The ultimate guide to fishes & fish life, including definition of a fish, fish bodies, types of fish and the life-cycle of a fish. Read on for a complete guide to ichthyology…
Love fish? See a range of fish gift ideas on this page: Fish Gift Ideas
What Is A Fish?
A fish is an aquatic vertebrate with fins and gills. The body of a typical fish is streamlined and covered in protective scales. Around half of all known vertebrates are fish, making fish the dominant vertebrate animals on the planet. Fish are found in both salt and freshwater habitats in most parts of the world.
Fish are craniates (i.e., they have skulls), and being vertebrates, have backbones, which are made of bones called vertebrae, through which a spinal cord passes.
Ichthyology is the scientific study of fish, and an ichthyologist is a scientist who studies fish.
Fish or fishes? The word "fish" can be both singular and plural. The word "fishes" can be used instead of the plural form when referring to multiple fish species.
Fish are found in bodies of water all around the world, and are a vital part of their ecosystems. Fish are heterotrophs* that perform a number of roles in the food chain.
Depending on the species, fish may either be herbivores (primary consumers), omnivores (secondary consumers) and carnivorous apex predators (tertiary consumers), sitting at the top of the food chain with no predators of their own!
* Heterotrophs are organisms that don’t produce their own food, and therefore have to consume other organisms. Even plant-eating animals are heterotrophs, as they eat plants, which are also organisms.
You can find out more about ecosystems on this page: What Is An Ecosystem?
What Are The Main Types Of Fish?
You can find out more the different types of fish on this page: Types Of Fish: Examples Of Fish From Around The World
There are three main types of fish: jawless fish, cartilaginous fish, and bony fish.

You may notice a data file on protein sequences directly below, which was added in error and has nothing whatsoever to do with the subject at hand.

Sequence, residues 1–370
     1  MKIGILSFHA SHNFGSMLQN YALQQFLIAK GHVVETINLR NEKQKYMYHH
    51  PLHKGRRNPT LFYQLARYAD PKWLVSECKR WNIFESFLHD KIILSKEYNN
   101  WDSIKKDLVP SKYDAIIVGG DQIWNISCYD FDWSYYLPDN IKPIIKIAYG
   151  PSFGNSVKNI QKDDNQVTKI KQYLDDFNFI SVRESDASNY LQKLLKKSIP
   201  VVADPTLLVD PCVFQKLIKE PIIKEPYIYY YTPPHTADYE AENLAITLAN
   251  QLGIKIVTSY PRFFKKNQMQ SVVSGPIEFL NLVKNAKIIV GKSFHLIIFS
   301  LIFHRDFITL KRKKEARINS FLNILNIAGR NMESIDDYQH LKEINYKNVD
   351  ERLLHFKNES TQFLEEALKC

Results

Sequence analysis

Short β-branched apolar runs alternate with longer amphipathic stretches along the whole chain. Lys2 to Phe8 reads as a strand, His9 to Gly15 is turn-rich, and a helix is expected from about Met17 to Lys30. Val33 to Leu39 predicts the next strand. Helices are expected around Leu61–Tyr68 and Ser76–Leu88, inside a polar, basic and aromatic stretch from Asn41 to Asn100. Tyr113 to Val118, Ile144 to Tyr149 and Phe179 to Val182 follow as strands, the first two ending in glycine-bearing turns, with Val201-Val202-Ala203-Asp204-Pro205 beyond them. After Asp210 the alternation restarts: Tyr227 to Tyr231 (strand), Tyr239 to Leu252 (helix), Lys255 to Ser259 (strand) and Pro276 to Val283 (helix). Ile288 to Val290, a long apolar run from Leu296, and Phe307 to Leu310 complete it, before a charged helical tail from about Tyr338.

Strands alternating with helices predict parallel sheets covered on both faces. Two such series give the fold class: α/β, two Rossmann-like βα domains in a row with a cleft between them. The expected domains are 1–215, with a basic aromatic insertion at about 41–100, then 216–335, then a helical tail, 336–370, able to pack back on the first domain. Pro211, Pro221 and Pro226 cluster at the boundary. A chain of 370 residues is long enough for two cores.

Jawless Fish (Infraphylum: Agnatha)
Jawless fish belong to the group Agnatha. As their name suggests, jawless fish lack jaws. Instead, they have round, sucker-like mouths.
There are two types of jawless fish alive today: hagfish and lampreys. Both have long, eel-like bodies.
There are around 80 species of hagfish, all of which are found in the sea. Although they lack true backbones, hagfish have very basic vertebrae, and are therefore considered to be vertebrates.
Around 40 species of lampreys are currently recognized (source). Some lampreys live in freshwater habitats, while others migrate between freshwater and marine environments. Many lampreys are parasites, attaching themselves to the bodies of other fish with their mouths and drinking their blood.
Cartilaginous Fish (Class: Chondrichthyes)
Cartilaginous fish belong to the class Chondrichthyes. Cartilaginous fish have skeletons made of cartilage – a smooth, flexible tissue – rather than of bone.
Most cartilaginous fish belong to the subclass Elasmobranchii, which is home to sharks, rays and skates.
(The other subclass of Chondrichthyes is Holocephali, which contains fish such as the deep sea ratfish and elephantfish.)
There are around 530 species of sharks. A shark’s skin is covered with placoid scales, which are similar to teeth in their structure; one could almost say that a shark’s skin is covered in teeth. These scales provide protection and also reduce drag and reduces the sound made as the shark swims.
Sharks are equipped with electroreceptors that detect the electrical charges produced by the muscles of other fish. This “sixth sense” is just one of the adaptations that have heled sharks become supreme ocean predators.